A few years back, the Phillies signed Tom “Flash” Gordon, giving the Yankees, who had offered the reliever arbitration, picks that brought them Ian Kennedy and Joba Chamberlain. The Phillies could afford it, as they had their own picks coming back for Billy Wagner, which turned into P Kyle Drabek (still a promising young prospect) and 2B Adrian Cardenas (traded for Joe Blanton).
This year, neither team is interested in stocking youth – at least, not so much that they want to risk getting saddled with fat one-year deals for Andy Pettite, Jamie Moyer, Bobby Abreu or Pat Burrell (above, left) – coincidentally, a pair of old-guy pitchers and a pair of OPS machines.
Optimistically, I’ll guess the Phillies still have a shot at Moyer, and for less than he would get in arbitration. He recently moved his family from Seattle to Bradenton, FL (so his kids can pursue baseball at the IMG Academy), so the Mariners are probably off the table (and spring training would be pretty close – what, he’s gonna be a Pirate?)
But Burrell’s a puzzler. I can understand Ruben Amaro Jr. simply deciding that the Phillies, for the money, can become a better team without him. They were a better team without Abreu, and a better team without the help of Aaron Rowand. Pitching, pitching, pitching.
But is Pat Burrell plus two picks not worth the money? Especially when you might not even have to pay it? If you could just buy two first round picks for cash (as in the NBA), how much would they be worth? I genuinely wonder – since those picks are never traded, it is hard to get a read on market value.
To me, two picks are worth the extra millions Burrell might take were he to opt for arbitration. And on a one-year deal, with little risk of future injury or drop-off, Burrell himself is worth the $14 million he already made. Not to mention, you could trade him.
It seems Amaro thinks more like the hot stove/trade talk specialist Jon Heyman of Sports Illustrated, who described Burrell thusly:
Streaky and sullen, he still can still hit 30 home runs (at least in Citizens Bank Joke Yard). Not my type, but someone will probably give him a three-year deal.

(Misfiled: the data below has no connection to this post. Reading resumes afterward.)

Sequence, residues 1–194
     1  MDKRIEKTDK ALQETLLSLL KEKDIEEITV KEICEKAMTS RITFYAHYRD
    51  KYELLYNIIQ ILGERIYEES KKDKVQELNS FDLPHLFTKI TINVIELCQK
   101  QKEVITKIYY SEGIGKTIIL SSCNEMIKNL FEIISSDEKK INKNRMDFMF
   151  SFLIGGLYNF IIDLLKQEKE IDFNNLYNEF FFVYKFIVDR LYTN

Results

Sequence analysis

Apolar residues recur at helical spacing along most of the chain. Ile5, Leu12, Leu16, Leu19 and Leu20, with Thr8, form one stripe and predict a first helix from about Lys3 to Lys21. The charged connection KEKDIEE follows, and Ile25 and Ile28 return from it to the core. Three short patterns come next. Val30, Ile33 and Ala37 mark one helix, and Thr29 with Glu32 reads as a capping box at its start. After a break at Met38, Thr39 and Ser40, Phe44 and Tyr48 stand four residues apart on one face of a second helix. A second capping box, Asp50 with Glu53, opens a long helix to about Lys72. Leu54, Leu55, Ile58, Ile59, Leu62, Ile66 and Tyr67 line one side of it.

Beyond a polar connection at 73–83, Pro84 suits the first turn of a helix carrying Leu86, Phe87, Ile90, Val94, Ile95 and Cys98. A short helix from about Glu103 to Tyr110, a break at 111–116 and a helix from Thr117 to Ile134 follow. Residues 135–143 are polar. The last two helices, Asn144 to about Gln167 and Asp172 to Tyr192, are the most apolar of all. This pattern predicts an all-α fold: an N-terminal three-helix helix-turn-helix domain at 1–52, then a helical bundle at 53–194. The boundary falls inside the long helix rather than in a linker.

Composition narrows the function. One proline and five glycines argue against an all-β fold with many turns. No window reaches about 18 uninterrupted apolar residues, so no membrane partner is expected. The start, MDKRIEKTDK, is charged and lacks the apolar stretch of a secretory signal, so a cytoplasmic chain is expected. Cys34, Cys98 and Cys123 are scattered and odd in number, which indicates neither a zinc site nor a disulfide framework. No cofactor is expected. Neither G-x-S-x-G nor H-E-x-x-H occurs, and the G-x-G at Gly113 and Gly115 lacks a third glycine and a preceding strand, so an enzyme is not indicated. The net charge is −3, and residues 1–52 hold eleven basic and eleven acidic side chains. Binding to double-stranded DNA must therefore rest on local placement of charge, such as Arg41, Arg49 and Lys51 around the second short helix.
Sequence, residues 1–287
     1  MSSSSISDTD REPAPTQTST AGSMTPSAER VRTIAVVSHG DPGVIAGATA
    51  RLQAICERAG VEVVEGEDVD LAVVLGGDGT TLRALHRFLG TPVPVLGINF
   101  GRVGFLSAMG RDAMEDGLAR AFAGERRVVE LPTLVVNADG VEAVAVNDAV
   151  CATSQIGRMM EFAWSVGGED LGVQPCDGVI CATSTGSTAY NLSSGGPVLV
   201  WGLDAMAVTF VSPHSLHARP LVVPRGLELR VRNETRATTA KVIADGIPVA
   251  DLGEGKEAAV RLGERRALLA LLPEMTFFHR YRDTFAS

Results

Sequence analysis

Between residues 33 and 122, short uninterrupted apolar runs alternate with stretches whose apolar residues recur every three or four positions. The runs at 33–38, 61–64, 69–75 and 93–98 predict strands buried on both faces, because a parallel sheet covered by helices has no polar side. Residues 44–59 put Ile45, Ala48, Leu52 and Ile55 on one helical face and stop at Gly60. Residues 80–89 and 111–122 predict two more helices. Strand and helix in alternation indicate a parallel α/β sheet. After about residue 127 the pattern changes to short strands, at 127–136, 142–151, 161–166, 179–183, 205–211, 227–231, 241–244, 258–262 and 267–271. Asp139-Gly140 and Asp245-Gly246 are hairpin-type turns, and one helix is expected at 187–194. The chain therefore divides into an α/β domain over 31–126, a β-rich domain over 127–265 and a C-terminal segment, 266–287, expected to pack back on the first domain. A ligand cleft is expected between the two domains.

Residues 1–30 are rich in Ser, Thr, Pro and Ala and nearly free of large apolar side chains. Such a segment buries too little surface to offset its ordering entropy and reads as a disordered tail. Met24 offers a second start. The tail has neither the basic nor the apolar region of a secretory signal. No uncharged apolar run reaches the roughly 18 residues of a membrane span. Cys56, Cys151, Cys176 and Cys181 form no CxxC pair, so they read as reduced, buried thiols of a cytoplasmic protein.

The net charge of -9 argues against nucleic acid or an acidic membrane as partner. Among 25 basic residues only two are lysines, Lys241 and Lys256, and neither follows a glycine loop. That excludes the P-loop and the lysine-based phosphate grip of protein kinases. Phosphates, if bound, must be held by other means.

Please. Paul O’Neill was sullen. Pat Burrell is mellow. And of course, as I noted the last time Heyman used his clever euphemism for the Philly park, Burrell enjoys no particular edge there: not this year, and not, as the more factually oriented Jerry Crasnick of ESPN notes, ever.
Burrell isn’t as big a beneficiary of Citizens Bank Park’s cozy dimensions as you might think; since the park opened five years ago, Burrell has 74 home runs in Philadelphia and 74 on the road.
“He’s like a Troy Glaus,” said an American League executive. “When he hits ’em, he hits ’em. It doesn’t matter where he’s playing.”
What’s more, how much does the “hitter’s home park” effect really matter if you’re also playing road games at Wrigley, Minute Maid and GABP (all of which, along with Coors and Shea, ranked higher than the CBP this year in Home Run Park Factor). Perhaps the guy should join an NL Central team (two of Burrell’s three postseason home runs came in Milwaukee, too).
Of course, it’s been an article of faith that Burrell ought to get his years and money from an AL team, but if the Phillies aren’t simply really really dumb and really really cheap, then they must be really really scared he won’t. Or, as Julio at Philliesphans.com observes, something else is going on:
An awful lot of clubs declined to offer arbitration to any free agents. Dare I say, a suspiciously large number of clubs?
Yes, he stops short of using the “C” word, by which I mean, “collective wisdom in responding to the shit economy.” I doubt we’ll see an MLBPA grievance, but after all the CC/Manny hype, it could well be an interesting, perhaps surprising month of market-correction signings.
Who knows, the Phillies may yet bring back Pat if his dream deal isn’t out there. Or they could take a run at Adam Dunn under the same circumstances. Or maybe all this money will be offered to Sabathia, in which case Amaro’s a genius.
But if cheap is the name of the game, surely there is still no better bargain than a panned-out draft pick playing for $355,000 as a second-year major leaguer. If you don’t have such a player at, say 3B, you end up paying someone like Pedro Feliz $3 million to fill the spot. So perhaps an early pair of draft picks can be worth at least $3 million.
What’s even crazier to contemplate (my Sabathia comment aside) is the thought that the Phillies brass might go after a Type A free agent themselves. Certainly the Yankees have. Meanwhile, the Dodgers offered Derek Lowe and Manny, and the Brewers offered Sheets and CC. Let’s see if we’re talking about their good young players (or the all-stars they got traded for) in 2011.